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Rapid Recap: Alberta Health Services Restructure

November 8, 2023- The Alberta government announced today a major restructuring of the province’s health care system, which will see the responsibilities of Alberta Health Services (AHS) spread among four organizations. The government will introduce legislation in the spring to implement these changes, with a transition that is anticipated to take 18 to 24 months at an expected cost of $85 million.

The restructuring plan focuses on:

  1. Decentralizing AHS;

  2. The creation of four new service delivery organizations;

  3. The restructure of the regional advisory councils; and

  4. The appointment of a new board to oversee the transition.

Decentralizing AHS

Under the new structure, AHS would shift its primary focus from being the sole health care provider to focusing exclusively on acute care and continuing care. AHS will share the responsibility of acute care with the new acute care provincial organization. Other AHS delivery functions will move to be accountable to the new organizations.

Creation of New Service Delivery Organizations

The government has created four organizations to support service delivery:

  1. Acute Care: Oversee the delivery of hospital care, urgent care centres, cancer care, clinical operations, surgeries and emergency medical services.

  2. Primary Care: Coordinate primary health care services and provide transparent provincial oversight.

  3. Continuing Care: Provide the health, personal care and accommodation services to support independence and quality of life, including rehabilitative or restorative care.

  4. Mental Health and Addiction: Responsible for the delivery of public mental health and addiction services.

Restructure of Regional Advisory Councils

The Ministry of Health will restructure the 12 regional advisory councils that currently provide a grassroots perspective and an understanding of their communities’ health needs. Council members are volunteers and reside within their council’s geographic area and are recruited annually across the province.

The Ministry of Health will also create a new Indigenous advisory council to represent community perspectives, bring forward local priorities and give input on how to improve the system. The Ministry of Health will also realign its structure to better match with the new organizations, support the refocusing of the health care system and provide appropriate oversight. This includes ensuring each organization has its own reporting structure within the ministry.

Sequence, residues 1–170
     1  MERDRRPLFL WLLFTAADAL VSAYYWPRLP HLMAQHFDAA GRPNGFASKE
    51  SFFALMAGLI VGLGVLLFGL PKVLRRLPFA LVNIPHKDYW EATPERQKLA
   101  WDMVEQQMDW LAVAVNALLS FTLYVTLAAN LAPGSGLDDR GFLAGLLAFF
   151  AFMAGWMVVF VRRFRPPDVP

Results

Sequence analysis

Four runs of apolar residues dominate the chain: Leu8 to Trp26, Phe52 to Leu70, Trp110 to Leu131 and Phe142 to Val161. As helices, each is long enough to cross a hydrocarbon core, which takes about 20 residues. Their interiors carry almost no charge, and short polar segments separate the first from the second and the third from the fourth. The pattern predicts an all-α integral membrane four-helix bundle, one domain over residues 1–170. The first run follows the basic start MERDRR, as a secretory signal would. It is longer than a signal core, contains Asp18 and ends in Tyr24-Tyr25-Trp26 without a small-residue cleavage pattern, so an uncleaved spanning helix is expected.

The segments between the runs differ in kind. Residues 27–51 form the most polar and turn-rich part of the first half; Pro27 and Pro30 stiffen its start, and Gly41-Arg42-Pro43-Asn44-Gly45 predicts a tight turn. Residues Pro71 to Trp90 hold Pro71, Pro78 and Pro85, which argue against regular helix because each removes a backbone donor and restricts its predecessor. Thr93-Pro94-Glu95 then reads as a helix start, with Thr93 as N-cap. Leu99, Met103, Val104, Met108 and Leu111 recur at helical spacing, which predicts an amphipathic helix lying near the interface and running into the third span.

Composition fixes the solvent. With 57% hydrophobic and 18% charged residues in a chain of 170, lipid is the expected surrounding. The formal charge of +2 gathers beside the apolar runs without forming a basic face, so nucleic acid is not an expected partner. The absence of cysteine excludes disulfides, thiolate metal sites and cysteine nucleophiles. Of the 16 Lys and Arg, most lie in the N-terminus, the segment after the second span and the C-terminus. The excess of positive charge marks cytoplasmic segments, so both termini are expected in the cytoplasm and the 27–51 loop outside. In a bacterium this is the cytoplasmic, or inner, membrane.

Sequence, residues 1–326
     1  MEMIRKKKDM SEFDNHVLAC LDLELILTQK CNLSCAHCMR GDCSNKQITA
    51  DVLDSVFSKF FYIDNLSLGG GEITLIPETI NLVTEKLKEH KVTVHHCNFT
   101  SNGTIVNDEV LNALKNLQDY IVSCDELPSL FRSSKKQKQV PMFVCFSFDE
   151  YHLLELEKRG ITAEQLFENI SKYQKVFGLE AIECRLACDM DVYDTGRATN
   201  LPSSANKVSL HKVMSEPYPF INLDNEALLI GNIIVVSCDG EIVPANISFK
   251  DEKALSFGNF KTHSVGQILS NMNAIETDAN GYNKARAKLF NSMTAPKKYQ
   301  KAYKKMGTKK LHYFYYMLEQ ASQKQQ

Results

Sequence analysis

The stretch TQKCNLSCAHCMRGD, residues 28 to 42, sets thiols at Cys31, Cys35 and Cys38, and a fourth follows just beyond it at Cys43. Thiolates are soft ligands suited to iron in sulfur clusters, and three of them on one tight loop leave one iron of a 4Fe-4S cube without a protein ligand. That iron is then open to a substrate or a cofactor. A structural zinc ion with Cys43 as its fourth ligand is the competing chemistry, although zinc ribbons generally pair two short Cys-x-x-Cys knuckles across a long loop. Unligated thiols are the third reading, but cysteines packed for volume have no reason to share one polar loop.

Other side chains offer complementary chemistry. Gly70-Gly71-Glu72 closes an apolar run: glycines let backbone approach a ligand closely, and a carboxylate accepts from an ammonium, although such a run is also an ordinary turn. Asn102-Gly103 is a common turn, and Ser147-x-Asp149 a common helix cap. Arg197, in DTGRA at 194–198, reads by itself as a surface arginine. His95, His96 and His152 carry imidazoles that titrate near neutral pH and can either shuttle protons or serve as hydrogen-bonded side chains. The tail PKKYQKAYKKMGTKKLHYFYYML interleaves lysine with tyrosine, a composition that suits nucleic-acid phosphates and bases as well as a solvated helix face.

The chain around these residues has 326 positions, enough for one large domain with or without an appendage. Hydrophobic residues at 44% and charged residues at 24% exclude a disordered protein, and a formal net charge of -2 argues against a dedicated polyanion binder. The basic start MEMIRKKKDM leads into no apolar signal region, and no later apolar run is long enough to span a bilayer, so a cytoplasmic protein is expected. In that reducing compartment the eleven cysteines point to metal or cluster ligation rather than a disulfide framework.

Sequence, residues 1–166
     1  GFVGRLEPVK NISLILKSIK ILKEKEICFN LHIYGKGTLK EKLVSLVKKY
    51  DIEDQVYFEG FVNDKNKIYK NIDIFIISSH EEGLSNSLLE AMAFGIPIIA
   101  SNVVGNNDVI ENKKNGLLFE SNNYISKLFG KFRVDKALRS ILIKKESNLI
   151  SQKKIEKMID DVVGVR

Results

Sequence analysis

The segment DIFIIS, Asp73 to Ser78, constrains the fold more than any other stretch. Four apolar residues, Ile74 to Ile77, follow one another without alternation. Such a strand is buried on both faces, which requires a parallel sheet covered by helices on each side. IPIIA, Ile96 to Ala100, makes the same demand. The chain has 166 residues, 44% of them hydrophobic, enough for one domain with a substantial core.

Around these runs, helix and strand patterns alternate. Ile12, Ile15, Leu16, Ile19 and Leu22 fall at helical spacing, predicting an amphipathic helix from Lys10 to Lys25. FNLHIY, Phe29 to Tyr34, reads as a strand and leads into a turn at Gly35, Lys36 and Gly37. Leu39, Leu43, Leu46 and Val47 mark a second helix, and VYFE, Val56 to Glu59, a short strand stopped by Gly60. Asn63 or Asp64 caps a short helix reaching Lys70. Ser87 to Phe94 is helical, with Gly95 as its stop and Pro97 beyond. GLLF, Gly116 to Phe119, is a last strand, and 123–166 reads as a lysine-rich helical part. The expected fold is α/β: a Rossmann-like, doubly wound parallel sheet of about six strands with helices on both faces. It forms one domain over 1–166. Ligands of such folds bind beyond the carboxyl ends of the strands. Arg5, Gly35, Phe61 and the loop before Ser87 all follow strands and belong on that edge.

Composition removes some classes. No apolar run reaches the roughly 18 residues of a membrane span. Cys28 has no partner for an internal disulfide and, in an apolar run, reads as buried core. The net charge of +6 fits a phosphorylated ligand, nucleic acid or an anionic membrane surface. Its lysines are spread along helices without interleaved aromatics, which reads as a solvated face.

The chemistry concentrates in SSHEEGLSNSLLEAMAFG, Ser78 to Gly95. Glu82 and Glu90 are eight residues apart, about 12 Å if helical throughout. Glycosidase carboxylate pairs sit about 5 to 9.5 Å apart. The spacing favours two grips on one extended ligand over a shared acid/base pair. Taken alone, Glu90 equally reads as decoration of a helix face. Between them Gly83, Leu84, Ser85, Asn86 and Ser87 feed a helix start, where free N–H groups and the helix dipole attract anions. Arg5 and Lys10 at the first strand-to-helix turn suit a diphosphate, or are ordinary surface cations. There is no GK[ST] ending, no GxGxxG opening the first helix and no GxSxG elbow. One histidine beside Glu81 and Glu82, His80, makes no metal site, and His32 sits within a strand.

Appointment of new AHS Board

A new seven-member board will support the transition of AHS into the reorganized provincial system. The new board includes Dr. Lyle Oberg, a former Minister of Finance and physician by profession; Andre Tremblay, Deputy Minister of Health; Evan Romanow, Deputy Minister of Mental Health and Addiction; Cynthia Farmer, Deputy Minister of Senior, Community and Social Services; Sandy Edmonstone; Paul George Haggis; and another member yet to be named.

What Does This Mean?

Premier Smith and her government have long been focused on decentralizing the health care system and delivering more regionalized solutions to improve timelines. Today’s announcement is the culmination of that approach, which began with replacing the AHS board with an administrator in November 2022. Decentralizing the health care system was also a key pillar in Premier Smith’s platform leading to her re-election in May 2023.

The announcement today reiterated the government’s focus on addressing wait times and health care service disruptions, while also acknowledging that challenges still exist in the system including access to family doctors and local health services. The announcement was contextualized with the assertion that the “current health care system’s structure limits the government’s ability to provide system-wide oversight, set system priorities, and to require accountability for those priorities on behalf of Albertans.”

With AHS having a primary focus on acute care, there is some uncertainty concerning the exact division of responsibility and overlapping mandate with the new acute care provincial organization which will oversee the delivery of hospital care, urgent care centres, cancer care, clinical operations, surgeries and emergency medical services.

Alberta was the first province to create a single health authority with the goal of creating a single administrative body to manage the complex health system and create economies of scale. At the time, the government described this as the largest organizational merger in Canada, with a mandate to reduce bureaucracy, improve access to service, and reduce regional inequalities. AHS, like many Canadian health authorities, struggled with increasing demands through COVID-19 and was at the centre of much patient frustration in the lead up to today’s announcement.

Alberta’s Official Opposition has been strongly critical of plans to decentralize the health care system and shared leaked documents yesterday which outlined timelines and potential risks. NDP Leader Rachel Notley responded to today’s announcement stating that, “instead of trying to get more doctors, nurses, paramedics, and other health care professionals to the bedside, this is simply a plan by the UCP for more direct control of those workers from the minister’s office.”

Further Reading

Read the government’s full news release here.
Read about the new AHS board here.